January 4

What was advertised in a colonial American newspaper 250 years ago today?

Jan 4 1770 - 1:4:1770 New-York Chronicle
New-York Chronicle (January 4, 1770).

“To be SOLD … A Healthy likely Negro.”

When the new year began in 1770, colonists in New York had access to four newspapers printed in their bustling port city. Hugh Gaine published the New-York Gazette and Weekly Mercury on Mondays, the same day that James Parker circulated the New-York Gazette or Weekly Post-Boy. On Thursdays, John Holt distributed the New-York Journal. Commencing in May 1769, Alexander Robertson and James Robertson released a new issue of the New-York Chronicle on Thursdays. All four newspapers carried advertisements concerning enslaved men, women, and children, who comprised a significant portion of the population. According to the New-York Historical Society, “As many as 20 percent of colonial New Yorkers were enslaved Africans. … Almost every businessman in 18th-century New York had a stake, at one time or another, in the traffic of human beings.” Gaine, Parker, Holt, and the Robertsons certainly had a stake, generating revenue from advertisements offering enslaved people for sale and from notices describing those who escaped, the advertisers hoping that colonists would recognize, capture, and return “runaways” for a reward.

This advertisement seeking to sell a “Healthy likely Negro Wench, about Thirteen Years of Age,” appeared in the January 4, 1770, edition of the New-York Chronicle. As in so many other advertisements of this type, the seller did not include their name but instead instructed interested parties to “enquire of the Printers.” When they acted as information brokers in response to such enquiries, the Robertsons and other printers became even more enmeshed in the slave trade.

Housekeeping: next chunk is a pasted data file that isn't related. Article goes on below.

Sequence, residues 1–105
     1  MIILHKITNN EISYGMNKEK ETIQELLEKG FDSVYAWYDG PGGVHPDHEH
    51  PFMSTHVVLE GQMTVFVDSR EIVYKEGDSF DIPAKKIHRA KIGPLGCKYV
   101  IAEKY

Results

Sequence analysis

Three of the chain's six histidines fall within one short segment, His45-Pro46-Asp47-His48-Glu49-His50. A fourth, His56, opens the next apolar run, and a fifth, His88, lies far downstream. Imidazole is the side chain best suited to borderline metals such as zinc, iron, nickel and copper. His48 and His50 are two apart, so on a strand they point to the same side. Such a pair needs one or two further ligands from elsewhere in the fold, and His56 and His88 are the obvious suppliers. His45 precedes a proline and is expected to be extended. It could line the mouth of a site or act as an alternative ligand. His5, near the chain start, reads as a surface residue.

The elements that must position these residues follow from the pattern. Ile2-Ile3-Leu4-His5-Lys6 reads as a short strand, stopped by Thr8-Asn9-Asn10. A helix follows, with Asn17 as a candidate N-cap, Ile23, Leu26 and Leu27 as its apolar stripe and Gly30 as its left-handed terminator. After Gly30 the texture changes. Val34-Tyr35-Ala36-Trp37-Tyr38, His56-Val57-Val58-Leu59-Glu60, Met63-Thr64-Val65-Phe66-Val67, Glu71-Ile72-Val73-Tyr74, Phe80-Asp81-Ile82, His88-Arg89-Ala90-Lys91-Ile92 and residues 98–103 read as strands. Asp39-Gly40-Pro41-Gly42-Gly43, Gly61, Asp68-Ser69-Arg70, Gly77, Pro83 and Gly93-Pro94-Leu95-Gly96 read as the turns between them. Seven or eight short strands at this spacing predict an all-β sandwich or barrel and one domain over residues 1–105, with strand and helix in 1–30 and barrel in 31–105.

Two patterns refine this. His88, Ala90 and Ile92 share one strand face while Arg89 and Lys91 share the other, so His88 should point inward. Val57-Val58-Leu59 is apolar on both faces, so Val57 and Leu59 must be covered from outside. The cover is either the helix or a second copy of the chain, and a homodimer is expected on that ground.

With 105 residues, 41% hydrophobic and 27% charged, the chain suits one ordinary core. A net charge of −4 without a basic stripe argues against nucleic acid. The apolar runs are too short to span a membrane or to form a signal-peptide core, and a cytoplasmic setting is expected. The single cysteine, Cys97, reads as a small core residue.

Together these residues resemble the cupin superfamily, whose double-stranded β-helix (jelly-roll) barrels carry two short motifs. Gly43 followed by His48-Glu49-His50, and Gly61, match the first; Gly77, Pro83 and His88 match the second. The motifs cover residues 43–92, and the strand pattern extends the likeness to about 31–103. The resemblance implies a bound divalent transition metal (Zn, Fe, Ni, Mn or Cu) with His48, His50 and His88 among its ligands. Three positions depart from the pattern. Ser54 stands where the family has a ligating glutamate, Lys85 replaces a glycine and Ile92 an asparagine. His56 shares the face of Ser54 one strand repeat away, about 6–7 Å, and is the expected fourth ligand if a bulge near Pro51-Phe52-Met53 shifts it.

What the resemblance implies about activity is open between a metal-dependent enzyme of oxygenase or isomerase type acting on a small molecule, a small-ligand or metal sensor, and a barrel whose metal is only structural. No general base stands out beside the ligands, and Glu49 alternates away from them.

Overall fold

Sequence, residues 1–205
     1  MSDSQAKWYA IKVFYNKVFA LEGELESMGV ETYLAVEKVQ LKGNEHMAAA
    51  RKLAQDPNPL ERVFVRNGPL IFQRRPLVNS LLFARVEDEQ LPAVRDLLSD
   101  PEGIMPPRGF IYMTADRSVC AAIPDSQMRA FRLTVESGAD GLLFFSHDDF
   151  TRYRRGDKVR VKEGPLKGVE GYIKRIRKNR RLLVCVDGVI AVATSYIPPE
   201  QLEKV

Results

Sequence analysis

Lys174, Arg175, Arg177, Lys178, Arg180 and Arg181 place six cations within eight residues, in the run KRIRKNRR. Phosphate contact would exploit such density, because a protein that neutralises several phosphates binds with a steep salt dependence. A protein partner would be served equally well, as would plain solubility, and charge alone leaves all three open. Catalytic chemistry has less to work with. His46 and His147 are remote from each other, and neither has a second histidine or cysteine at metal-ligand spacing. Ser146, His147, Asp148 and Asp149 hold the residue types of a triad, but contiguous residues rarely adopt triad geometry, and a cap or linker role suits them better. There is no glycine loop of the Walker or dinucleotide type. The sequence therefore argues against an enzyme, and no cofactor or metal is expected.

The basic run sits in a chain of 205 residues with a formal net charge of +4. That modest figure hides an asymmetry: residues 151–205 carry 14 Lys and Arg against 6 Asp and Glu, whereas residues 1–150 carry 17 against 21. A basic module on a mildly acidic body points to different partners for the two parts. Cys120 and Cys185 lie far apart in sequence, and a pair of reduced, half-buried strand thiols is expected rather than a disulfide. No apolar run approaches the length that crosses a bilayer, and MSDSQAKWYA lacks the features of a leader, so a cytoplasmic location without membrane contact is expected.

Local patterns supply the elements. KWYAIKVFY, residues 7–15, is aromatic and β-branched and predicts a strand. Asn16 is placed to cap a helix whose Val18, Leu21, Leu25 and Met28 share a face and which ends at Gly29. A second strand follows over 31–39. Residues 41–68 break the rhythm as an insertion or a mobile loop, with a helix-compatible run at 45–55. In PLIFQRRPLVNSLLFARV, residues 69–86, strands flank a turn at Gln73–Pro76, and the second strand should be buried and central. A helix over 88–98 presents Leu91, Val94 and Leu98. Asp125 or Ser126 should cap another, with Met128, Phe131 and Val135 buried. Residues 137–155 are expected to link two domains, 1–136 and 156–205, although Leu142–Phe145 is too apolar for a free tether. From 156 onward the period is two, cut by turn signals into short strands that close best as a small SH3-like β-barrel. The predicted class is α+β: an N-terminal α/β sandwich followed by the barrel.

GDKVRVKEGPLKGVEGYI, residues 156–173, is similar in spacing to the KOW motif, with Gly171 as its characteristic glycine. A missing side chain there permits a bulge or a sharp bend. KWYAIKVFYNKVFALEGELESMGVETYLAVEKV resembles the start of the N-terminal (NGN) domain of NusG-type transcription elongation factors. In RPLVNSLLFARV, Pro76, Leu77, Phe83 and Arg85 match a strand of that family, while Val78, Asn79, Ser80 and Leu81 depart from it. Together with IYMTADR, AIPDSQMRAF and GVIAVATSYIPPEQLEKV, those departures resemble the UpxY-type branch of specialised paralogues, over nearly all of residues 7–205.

Yet the Robertsons ceased offering such services, not necessarily out of any moral compunction but instead because the New-York Chronicle closed down. The January 4 edition is the last known issue and, quite probably, the last issue of that newspaper. The newspaper did not survive an entire year, but the printers still managed to play a role in facilitating the slave trade in the colony. This advertisement offering a thirteen-year-old girl for sale ran on the final page of the January 4 edition. The New-York Chronicle helped to perpetuate slavery until the newspaper’s very end. New Yorkers then had one less place to insert advertisements about enslaved men, women, and children, but the disappearance of the New-York Chronicle likely made little difference in that regard. Three other newspapers continued to publish those advertisements, further embroiling colonial printers in maintaining and bolstering the slave trade. Gaine’s New-York Gazette and Weekly Mercury tended to carry the most advertisements concerning enslaved people, but the others published them as well. As the 1770s dawned in New York, none of the city’s newspaper printers refused such advertisements and the fees associated with them.